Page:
CSS Container Queries

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Aug 30 ・ 4 min read

CSS Container Queries

Unlike Media Queries, which let you apply styles to an element based on the viewport size, Container Queries let you apply styles to an element based on its own size. Talk about next level responsive design! And the best thing is, it’s supported by all modern browsers! Let’s say you want a card’s layout to be horizontal if it has at least a certain width, and switch to vertical when it gets narrower. Here’s an example:

See the Pen CSS Container Queries by Lazar Nikolov (@nikolovlazar) on CodePen.

Containment context

Looking at the example, we can see that our has a container property with a value of post-card / inline-size. This declares a containment context on our post card element. The container is a shorthand property that sets the container-name to post-card and the container-type to inline-size. The inline-size value declares the containment context on the inline axis of the container. This means that you can only define styles based on the width of the container. If you also want to define styles based on the height, you can use the size value.

Bear in mind that when you declare a container to a certain element, it will prevent it from being sized based on its contents. This goes for both size and inline-size. To provide size to the “containerized” element, you would need to either define it through its parent (flex and grid stretch by default) or its display (block also stretches by default), or set its width or height explicitly. Setting the container-type to size will collapse its height, while setting it to inline-size will collapse its width.

Another thing to have in mind is that you can’t use an inline element as a container. If you were to define a span as a container, you could, but you’d have to make it a non-inline display. Rule of thumb: any element that’s not inline can be made into a container.

Container query

Check out line 40. We set the .content element’s flex-direction to column. On smaller sizes we want the image and text to be one on top of the other, but if we have enough horizontal space we can actually put them one next to the other, or set the flex-direction to row. That’s a use case for a container query! Scroll down to line 96:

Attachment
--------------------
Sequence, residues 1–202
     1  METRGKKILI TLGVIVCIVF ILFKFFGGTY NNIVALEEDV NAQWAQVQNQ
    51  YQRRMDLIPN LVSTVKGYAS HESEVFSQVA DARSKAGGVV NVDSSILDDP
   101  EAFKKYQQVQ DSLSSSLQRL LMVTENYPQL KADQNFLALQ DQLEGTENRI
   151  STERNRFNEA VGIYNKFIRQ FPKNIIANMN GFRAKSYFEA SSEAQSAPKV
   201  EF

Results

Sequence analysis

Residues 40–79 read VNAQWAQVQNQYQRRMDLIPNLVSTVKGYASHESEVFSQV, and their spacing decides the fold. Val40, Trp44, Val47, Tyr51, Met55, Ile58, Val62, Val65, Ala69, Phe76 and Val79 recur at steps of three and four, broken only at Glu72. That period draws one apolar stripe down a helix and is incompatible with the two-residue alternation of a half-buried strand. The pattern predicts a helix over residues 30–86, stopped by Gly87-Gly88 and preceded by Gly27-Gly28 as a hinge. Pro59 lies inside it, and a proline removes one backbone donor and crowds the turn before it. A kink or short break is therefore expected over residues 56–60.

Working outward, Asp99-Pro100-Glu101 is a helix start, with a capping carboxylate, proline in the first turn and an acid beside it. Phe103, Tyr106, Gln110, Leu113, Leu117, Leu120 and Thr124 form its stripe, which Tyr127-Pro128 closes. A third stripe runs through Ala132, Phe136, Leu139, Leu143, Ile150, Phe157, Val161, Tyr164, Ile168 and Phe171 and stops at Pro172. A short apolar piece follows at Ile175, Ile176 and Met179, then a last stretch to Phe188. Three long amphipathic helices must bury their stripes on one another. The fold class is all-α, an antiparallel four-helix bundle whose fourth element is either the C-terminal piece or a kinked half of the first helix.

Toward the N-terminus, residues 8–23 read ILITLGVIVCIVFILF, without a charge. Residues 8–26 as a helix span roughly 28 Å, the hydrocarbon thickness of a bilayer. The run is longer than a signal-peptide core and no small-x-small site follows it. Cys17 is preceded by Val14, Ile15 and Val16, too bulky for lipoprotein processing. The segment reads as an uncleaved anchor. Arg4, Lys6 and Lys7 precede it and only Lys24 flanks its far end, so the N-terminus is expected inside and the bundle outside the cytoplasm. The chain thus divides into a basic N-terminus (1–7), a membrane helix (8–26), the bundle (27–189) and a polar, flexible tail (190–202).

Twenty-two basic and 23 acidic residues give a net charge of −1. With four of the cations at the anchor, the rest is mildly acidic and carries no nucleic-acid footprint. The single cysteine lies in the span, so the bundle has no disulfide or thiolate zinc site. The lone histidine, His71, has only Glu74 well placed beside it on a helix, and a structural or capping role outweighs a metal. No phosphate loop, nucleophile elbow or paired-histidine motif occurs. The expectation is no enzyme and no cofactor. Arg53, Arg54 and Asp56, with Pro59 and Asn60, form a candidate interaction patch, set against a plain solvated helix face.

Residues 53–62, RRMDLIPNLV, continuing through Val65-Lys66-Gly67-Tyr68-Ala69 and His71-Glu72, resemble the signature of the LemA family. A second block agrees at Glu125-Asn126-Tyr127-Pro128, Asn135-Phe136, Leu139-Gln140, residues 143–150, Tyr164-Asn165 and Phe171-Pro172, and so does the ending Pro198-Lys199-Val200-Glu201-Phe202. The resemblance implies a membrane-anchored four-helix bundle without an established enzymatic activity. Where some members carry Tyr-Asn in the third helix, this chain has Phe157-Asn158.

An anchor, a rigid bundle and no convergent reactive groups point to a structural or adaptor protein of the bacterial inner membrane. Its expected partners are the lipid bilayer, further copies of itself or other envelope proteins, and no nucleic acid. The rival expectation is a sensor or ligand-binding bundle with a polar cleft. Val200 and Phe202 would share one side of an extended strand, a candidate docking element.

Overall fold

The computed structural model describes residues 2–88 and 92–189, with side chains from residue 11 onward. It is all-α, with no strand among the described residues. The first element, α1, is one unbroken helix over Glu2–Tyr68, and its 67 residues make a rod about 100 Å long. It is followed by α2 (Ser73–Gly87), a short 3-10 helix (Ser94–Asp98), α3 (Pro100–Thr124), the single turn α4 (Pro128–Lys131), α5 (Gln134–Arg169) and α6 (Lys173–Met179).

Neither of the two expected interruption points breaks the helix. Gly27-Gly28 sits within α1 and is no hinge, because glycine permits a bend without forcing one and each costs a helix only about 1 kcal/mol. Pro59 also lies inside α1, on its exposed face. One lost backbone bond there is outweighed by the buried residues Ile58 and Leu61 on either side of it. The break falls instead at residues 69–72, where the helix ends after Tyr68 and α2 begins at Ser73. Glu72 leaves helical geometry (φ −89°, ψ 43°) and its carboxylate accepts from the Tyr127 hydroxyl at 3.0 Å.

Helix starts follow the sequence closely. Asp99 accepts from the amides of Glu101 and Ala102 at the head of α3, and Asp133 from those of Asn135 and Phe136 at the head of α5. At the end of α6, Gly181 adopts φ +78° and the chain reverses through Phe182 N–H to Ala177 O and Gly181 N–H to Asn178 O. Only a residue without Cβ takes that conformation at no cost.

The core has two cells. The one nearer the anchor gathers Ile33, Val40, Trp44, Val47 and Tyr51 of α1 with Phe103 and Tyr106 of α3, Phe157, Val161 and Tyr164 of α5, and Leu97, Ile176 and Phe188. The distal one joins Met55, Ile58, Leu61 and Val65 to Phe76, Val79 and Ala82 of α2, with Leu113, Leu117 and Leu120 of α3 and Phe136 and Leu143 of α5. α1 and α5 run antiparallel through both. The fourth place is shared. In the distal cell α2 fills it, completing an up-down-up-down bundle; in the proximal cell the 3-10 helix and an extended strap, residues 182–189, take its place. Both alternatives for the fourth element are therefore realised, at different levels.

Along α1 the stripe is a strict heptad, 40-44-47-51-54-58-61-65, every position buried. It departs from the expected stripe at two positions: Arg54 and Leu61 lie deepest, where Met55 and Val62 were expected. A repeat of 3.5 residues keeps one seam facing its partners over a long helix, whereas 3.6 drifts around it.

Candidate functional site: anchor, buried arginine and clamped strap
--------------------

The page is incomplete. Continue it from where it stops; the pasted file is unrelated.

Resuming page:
@container post-card (min-width: 512px) {

This is how we define a container query. With this line, we’re basically telling CSS “when the post-card container (not element with class) has at least 768px of width, apply these styles (…)”. The top level scope is the article.card element. We should take that in consideration when writing the selectors. On line 99 we redefine the .content element’s flex-direction to row. That’ll make the image and text to flow horizontally, and if we expand the viewport enough we’ll see that the card’s content changes direction. Notice that if we change the selector to div.content it won’t work, even though it’s a perfectly valid selector, because it would expect to find an inside of the element and we both know that’s wrong. But following this example, we can redefine any property of any descendant of our That’s the beauty of it!

Container query units

Along with the new @container syntax, we also get brand new values that are relative to the container size. Here are they:

  • cqw is 1% of the container’s width
  • cqh is 1% of the container’s height
  • cqi is 1% of the container’s inline size
  • cqb is 1% of the container’s block size
  • cqmin and cqmax are the smallest and largest (respectfully) value of either cqi or cqb

So, if we wanted to set something to be the 3% of the container’s width for example, we would set it to 3cqw. Scroll all the way down to line 123, 128 and 133, and you’ll see that the text elements are being set to a certain percentage of the container’s inline size. Try changing the size of the card and you’ll see that the font size grows and shrinks with the card. This might not be a real-world use case, but you get the gist 😁.


So there you have it! Container Queries! How cool are they? You can use them to define responsive elements that react not based on the viewport’s size, but based on the space they’re given, regardless of the viewport size. That means that you can have two instances of the same component on a page, but because of the different space they’re given, they’ll appear differently. Check out the blog page. The featured post card is the same component as the post cards in the grid below. That card is the card from this example, but used in production. If you want to see more use cases, check out this article (takes you to CSS Tricks).


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